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the smoke can ascend no higher than where it meets with air of a density equal to itself, and there it will spread about like a cloud.
This figure (Plate 11, Fig. 20) is usually called the lungs-glass: a bladder is tied close about the little pipe a, which is screwed into the bottle A. I introduce it under the receiver AB, and begin to exhaust the air of the receiver, and that in the bladder communicating with it, will also be withdrawn; the elastic force of the air in the bottle A will now press the bladder to the shrivelled state represented in the figure: I will admit the air which expands the bladder; and thus, by alternately exhausting and re-admitting the air, I show the action of the lungs in breathing. But perhaps the following experi
ment will give a better idea of the subject (Plate 11, Figs. 21 and 22). A represents the lungs, в the windpipe leading to them, which is closely fixed in the neck of the bottle, from which the air cannot escape: D is a bladder.tied to the bottom, and in its distended state (Fig. 21) will, with the internal cavity of the bottle, represent the cavity of the body which surrounds the lungs, at the moment you have taken in breath: I force up D (as in Fig. 22), and now the bladder is shrivelled by the pressure of the external air in the bottle, and represents the lungs just at the moment of expiration.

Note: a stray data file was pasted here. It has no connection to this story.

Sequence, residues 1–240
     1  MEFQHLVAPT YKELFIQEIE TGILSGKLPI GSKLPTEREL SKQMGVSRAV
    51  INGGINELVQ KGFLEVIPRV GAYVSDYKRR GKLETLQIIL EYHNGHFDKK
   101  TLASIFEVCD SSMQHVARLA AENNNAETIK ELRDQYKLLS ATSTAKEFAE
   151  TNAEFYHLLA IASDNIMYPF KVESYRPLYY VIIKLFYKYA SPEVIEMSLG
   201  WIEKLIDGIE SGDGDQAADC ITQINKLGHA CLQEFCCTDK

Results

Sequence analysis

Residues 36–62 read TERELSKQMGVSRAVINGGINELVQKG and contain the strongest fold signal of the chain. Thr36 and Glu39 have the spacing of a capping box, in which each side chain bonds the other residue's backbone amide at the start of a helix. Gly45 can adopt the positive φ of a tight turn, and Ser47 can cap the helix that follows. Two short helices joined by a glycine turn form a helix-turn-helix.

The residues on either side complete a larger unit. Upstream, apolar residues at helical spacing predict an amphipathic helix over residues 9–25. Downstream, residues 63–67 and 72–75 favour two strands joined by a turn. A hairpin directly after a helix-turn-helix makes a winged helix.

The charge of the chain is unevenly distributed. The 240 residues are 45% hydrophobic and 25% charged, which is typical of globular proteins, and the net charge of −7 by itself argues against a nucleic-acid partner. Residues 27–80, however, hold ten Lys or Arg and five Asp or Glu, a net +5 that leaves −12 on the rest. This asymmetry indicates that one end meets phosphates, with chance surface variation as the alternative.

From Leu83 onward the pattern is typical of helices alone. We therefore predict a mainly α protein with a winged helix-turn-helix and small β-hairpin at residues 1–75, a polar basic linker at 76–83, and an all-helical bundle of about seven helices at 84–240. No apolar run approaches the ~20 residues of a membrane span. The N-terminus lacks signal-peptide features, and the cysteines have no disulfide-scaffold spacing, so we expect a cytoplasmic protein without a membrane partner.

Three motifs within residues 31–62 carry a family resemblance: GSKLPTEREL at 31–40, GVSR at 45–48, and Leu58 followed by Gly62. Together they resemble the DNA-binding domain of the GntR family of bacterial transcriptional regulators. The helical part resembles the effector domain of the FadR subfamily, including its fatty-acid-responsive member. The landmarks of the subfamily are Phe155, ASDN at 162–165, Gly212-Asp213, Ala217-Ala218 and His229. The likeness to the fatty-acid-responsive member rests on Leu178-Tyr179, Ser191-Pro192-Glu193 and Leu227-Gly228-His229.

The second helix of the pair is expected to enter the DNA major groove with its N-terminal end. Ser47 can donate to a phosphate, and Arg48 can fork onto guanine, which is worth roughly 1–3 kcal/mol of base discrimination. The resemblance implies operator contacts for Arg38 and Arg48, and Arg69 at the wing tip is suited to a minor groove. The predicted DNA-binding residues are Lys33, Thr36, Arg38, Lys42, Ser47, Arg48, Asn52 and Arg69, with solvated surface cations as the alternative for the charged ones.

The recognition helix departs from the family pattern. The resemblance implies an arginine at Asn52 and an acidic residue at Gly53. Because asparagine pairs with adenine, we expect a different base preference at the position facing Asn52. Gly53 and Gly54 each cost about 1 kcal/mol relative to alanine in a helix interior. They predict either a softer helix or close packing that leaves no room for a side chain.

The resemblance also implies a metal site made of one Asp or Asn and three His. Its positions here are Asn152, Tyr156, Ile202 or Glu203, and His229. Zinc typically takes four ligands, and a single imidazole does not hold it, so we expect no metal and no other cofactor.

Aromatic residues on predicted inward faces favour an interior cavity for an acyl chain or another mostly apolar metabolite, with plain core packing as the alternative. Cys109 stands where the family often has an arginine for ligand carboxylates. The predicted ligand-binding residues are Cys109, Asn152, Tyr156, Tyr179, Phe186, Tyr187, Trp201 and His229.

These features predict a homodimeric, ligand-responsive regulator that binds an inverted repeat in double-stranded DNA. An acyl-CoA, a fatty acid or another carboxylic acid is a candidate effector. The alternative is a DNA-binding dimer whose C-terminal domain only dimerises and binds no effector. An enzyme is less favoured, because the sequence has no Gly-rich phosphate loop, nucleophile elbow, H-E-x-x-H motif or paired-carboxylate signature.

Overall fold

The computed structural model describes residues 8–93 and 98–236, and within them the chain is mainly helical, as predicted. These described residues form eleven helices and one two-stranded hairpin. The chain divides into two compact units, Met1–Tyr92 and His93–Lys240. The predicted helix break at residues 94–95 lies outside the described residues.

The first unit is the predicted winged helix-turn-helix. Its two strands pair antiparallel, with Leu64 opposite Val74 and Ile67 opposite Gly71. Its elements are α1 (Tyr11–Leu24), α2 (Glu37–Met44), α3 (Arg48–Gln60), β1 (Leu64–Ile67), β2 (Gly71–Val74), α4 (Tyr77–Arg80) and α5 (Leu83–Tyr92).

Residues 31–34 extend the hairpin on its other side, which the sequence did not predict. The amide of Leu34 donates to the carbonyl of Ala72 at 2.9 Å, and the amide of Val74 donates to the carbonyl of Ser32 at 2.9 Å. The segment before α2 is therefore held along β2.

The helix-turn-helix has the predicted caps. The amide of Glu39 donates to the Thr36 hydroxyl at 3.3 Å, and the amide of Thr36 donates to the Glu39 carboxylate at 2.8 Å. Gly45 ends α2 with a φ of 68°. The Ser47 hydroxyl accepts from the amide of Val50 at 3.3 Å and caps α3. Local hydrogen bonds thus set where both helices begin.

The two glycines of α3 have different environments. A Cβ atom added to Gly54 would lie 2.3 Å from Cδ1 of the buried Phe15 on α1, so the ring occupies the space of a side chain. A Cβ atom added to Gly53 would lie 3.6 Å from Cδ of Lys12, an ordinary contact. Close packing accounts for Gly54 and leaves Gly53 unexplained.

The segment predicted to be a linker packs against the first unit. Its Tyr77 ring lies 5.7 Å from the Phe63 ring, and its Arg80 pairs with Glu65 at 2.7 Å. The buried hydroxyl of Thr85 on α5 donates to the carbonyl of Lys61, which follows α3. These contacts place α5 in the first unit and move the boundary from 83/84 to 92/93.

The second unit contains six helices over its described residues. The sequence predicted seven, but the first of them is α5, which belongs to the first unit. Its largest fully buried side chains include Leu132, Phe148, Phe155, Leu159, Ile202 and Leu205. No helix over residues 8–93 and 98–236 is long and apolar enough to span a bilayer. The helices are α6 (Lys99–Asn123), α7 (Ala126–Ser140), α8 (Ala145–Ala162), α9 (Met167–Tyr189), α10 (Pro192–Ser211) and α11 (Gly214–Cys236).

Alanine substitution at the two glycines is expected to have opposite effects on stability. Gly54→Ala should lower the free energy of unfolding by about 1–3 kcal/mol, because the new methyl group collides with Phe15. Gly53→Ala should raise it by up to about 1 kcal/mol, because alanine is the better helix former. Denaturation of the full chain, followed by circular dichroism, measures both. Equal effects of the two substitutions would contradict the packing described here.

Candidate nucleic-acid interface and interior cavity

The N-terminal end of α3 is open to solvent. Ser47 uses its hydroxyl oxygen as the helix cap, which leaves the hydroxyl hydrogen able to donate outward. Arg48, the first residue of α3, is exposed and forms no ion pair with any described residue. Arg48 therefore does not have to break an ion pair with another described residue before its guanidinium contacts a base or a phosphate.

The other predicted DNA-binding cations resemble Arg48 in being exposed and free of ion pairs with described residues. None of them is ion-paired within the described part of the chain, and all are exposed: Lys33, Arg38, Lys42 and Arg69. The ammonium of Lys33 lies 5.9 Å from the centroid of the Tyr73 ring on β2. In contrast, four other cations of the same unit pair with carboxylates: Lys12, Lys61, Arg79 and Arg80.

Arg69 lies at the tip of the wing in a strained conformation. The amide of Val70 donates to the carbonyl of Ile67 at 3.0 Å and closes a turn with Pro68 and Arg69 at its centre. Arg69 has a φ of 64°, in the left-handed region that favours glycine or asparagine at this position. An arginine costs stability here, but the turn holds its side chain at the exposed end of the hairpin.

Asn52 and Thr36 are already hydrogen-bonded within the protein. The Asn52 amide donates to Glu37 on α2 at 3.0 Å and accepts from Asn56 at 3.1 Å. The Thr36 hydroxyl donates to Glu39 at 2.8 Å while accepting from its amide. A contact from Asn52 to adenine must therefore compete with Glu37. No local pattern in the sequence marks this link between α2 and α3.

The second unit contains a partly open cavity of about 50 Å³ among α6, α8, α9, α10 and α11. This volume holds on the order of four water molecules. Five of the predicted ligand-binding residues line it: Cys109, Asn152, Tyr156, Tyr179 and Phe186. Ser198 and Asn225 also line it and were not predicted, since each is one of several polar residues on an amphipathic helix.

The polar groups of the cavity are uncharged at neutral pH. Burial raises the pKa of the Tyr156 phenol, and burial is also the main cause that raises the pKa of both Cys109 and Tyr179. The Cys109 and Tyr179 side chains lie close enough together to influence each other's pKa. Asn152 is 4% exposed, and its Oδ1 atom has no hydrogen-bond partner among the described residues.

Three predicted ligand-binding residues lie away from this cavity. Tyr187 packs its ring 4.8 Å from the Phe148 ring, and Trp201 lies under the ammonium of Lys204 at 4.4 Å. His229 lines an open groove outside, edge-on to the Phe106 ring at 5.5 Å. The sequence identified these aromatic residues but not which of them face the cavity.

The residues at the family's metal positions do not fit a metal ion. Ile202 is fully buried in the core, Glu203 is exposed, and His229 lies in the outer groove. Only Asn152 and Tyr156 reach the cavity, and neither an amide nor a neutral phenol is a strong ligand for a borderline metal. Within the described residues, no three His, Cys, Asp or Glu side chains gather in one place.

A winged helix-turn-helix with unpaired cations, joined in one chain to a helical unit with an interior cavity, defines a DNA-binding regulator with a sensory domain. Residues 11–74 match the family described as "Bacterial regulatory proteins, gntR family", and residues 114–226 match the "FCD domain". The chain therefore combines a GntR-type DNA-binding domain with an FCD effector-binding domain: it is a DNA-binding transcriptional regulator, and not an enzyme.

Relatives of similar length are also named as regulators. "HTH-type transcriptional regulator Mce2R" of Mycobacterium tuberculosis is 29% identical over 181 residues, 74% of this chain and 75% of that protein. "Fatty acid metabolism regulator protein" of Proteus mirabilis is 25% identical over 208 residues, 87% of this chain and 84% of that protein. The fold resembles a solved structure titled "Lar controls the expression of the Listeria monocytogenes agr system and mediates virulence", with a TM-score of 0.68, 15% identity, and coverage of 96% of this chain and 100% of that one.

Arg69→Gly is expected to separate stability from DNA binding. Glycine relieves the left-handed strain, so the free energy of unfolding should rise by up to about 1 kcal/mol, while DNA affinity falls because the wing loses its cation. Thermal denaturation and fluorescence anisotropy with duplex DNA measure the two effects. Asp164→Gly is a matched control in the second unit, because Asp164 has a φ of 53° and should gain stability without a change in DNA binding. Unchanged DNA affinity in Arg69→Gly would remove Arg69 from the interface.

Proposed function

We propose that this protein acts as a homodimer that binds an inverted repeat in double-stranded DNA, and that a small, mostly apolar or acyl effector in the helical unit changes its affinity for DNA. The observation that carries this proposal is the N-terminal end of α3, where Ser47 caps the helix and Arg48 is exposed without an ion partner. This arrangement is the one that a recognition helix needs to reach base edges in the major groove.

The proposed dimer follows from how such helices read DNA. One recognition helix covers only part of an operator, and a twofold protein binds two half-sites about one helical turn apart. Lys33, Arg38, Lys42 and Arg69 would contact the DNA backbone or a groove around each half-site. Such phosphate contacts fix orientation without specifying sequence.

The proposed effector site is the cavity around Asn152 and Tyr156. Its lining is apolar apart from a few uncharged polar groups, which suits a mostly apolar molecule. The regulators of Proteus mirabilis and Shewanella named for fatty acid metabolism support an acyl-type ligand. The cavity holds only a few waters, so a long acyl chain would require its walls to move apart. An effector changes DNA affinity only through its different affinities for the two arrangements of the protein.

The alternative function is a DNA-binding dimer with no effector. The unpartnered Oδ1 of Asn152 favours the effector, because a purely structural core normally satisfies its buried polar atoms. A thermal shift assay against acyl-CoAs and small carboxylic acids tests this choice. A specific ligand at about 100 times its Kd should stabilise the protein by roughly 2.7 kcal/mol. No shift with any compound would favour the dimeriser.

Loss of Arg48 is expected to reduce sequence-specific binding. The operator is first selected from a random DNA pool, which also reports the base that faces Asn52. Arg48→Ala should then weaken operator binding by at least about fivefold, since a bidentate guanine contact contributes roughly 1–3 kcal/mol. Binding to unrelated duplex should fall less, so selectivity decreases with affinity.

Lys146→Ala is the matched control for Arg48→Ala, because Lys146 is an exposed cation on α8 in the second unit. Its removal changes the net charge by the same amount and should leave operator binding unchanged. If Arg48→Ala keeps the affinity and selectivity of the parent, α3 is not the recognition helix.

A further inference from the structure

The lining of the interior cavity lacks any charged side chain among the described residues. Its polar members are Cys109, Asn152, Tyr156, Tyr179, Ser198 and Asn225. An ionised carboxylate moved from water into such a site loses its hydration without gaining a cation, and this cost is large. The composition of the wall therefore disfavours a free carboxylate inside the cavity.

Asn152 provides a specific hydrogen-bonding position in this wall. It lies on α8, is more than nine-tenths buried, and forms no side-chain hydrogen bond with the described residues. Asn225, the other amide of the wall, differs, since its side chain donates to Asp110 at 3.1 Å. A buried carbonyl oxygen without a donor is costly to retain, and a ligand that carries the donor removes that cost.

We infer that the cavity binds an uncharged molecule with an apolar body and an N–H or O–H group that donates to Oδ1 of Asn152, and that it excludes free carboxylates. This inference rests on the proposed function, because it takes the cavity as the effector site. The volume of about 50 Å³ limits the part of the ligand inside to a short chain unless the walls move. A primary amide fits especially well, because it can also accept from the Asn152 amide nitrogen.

Emma. Does Fig. 21 show the state of the lungs after I have drawn in my breath, and Fig. 22 when I have thrown it out forcibly?
Father. That is what the figures are intended to represent, and they are well adapted to show the elevation and compression of the lungs, although I do not mean to assert, that the action of the lungs in breathing depends upon air in the same manner as that in the bladder does upon the air which is contained in the cavity of the bottle.
I have exactly balanced on this scale-beam a piece of lead and a piece of cork in this state I will introduce them under the receiver, and exhaust the air.
Charles. The cork now seems to be heavier than the lead.
Father. In air each body lost a weight proportional to its bulk, but when the air is taken away, the weight lost will be restored; but as VOL. IV.
the lead lost least, it will now regain the least, consequently the cork will preponderate with the difference of the weights restored by taking away the air.
Thus you see that, in vacuo, a pound of cork, or feathers, would be heavier than a pound of lead.
Emma. Why do bodies, when weighed in air, lose weights proportional to their bulks?
Because the air, being a
fluid substance, tends to lift up a body immersed in it, and the larger the body, the more effect it will have it of course, it has more effect
on an ounce of cork, than on an ounce of lead.
Of the Air-gun, and Sound.
FATHER. The air-gun is an instrument, the effects of which depend on the elasticity and compression of air.
Emma. Is it used for the same purposes as common guns ?
Father. Air-guns will answer all the purposes of a musket or fowlingpiece: bullets discharged from them will kill animals at the distance of 50 or 60 yards. They make no report, and on account of the great